Figure 2 with 1 supplement see all
Assembly of recombinant tau into filaments like Alzheimer’s disease paired helical filaments (AD PHFs).

(A) Schematic of 2N4R tau sequence with domains highlighted. The regions 1N (44–73), 2N (74–102), P1 (151–197), and P2 (198–243) are shown in increasingly lighter greys; R1 (244–274) is shown in purple; R2 (275–305) is shown in blue; R3 (306–336) is shown in green; R4 (337–368) is shown in yellow; the C-terminal domain (369-441) is shown in orange. (B) Amino acid sequence of residues 244–441 of tau, with the same colour scheme as in A. (C–E:) Projected slices, with a thickness of approximately 4.7 Å, orthogonal to the helical axis for several cryo-microscopy (cryo-EM) reconstructions. The filament types (as defined in Table 1) are shown at the bottom left and the percentages of types for each cryo-EM data set are given at the top right of the images. (C) Conditions of Al-Hilaly et al., 2017, with shaking at 700 rpm. (D) Our adapted protocol, using 200 rpm shaking. From left to right; paired helical filament (PHF), triple helical filament, quadruple helical filament type 1, and quadruple helical filament type 2. (E) Our optimised conditions for in vitro assembly of relatively pure PHFs.( F) Cryo-EM density map (grey transparent) of in vitro assembled tau filaments of type 4a and the atomic model colour coded according as in A. (G) Backbone ribbon of in vitro PHF (grey) overlaid with AD PHF (blue).

We then reduced the shaking speed to 200 rpm. This resulted in a slower assembly reaction, with filaments appearing after 6 hr. Cryo-EM structure determination after 48 hr showed that the filaments were polymorphic. They shared the AD protofilament fold, spanning residues 305–378. However, besides AD PHFs, we also observed filaments comprising three or four protofilaments, which we called triple helical filaments (THFs) and quadruple helical filaments (QHFs) (Figure 2D; filament types 2b–d). THFs and QHFs have not been observed in brain extracts from individuals with AD (Fitzpatrick et al., 2017; Falcon et al., 2018b), possibly because the presence of the fuzzy coat would hinder their formation. SFs were not seen. THFs consist of a PHF and an additional single protofilament with the AD fold, whereas QHFs are made of two stacked PHFs that come in two different arrangements (types 1 and 2). The cryo-EM maps of QHF type 1 filaments were of sufficient quality to build atomic models. QHF type 1 and the THF share a common interface, where one protofilament forms a salt bridge at E342 with K343 from the third, adjoining protofilament. This protofilament remains on its own in THFs, whereas it forms a typical PHF interface with a fourth protofilament in QHFs. Although the cryo-EM reconstruction of the QHF type 2 filament was of insufficient resolution for atomic modelling, the cross-section perpendicular to the helical axis suggested that a salt bridge was present between E342 from one PHF and K321 from another (Figure 1—figure supplement 1; filament types 2b–d).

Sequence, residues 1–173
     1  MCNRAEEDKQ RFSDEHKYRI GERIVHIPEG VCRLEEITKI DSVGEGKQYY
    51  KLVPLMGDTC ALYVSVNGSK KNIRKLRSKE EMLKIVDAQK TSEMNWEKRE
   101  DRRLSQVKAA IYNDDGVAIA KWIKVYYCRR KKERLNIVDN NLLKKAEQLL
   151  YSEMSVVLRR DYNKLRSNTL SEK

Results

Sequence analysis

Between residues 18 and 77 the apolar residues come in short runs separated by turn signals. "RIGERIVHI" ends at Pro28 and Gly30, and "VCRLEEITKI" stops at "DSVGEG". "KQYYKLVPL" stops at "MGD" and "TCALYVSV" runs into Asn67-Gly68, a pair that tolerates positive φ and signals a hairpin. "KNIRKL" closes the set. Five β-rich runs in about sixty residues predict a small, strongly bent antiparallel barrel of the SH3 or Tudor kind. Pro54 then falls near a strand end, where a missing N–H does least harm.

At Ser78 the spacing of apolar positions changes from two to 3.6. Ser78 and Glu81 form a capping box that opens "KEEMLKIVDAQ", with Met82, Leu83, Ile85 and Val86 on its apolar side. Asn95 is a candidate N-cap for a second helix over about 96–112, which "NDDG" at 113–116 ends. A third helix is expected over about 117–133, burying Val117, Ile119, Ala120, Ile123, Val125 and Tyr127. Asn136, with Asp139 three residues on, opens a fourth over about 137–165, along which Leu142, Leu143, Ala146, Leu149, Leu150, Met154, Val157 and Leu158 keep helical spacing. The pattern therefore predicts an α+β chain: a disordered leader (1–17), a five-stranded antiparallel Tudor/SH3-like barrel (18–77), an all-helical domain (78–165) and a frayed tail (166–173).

Next, we sought to optimise the assembly conditions. Since THFs and QHFs have not been observed in AD, their formation would confound the use of this assembly assay for screens or to model diseases. In addition, filaments from the above experiments tended to stick together, which complicated their cryo-EM imaging, and could interfere with their use. Over longer incubation periods (>76 hr), filaments tended to precipitate, resulting in cloudy solutions. To assemble tau (297–391) into pure PHFs and reduce stickiness, we explored the addition of salts and crowding reagents. In particular, the addition of 200 mM MgCl2, 20 mM CaCl2, or 0.1 μg/ml dextran sulphate resulted in purer populations of PHFs (~95%) (Figure 2E; filament types 3–5). Cryo-EM structure determination of filaments made using these conditions confirmed that their ordered cores were identical, with a root mean square deviation (r.m.s.d) of all non-hydrogen atoms of 1.3 Å, to those of AD PHFs (Figure 2F–G).

Tau (297–391) comprises the C-terminal 9 residues of R2, the whole of R3 and R4, as well as 23 amino acids after R4. The equivalent 3R tau construct, which lacks R2, begins with the C-terminal 9 residues of R1, the first four of which (266LKHQ269) are different from R2. We also assembled tau (266–391), excluding R2, in the presence of 200 mM MgCl2, as well as a 50:50 mixture of the 3R/4R tau constructs, in the absence of MgCl2. We observed PHFs, THFs, and QHFs in the absence of MgCl2, whereas assembly in the presence of 200 mM MgCl2 gave rise to AD PHFs with a purity greater than 94% (Figure 1—figure supplement 1; filament types 6 and 7). These findings show that bona fide PHFs can be formed from only 3R or 4R, albeit truncated, tau. In AD and CTE, all six isoforms, each full-length, are present in tau filaments (Goedert et al., 1992; Schmidt et al., 2001). It remains to be determined if there are PHFs in human diseases that are made of only 3R or 4R tau.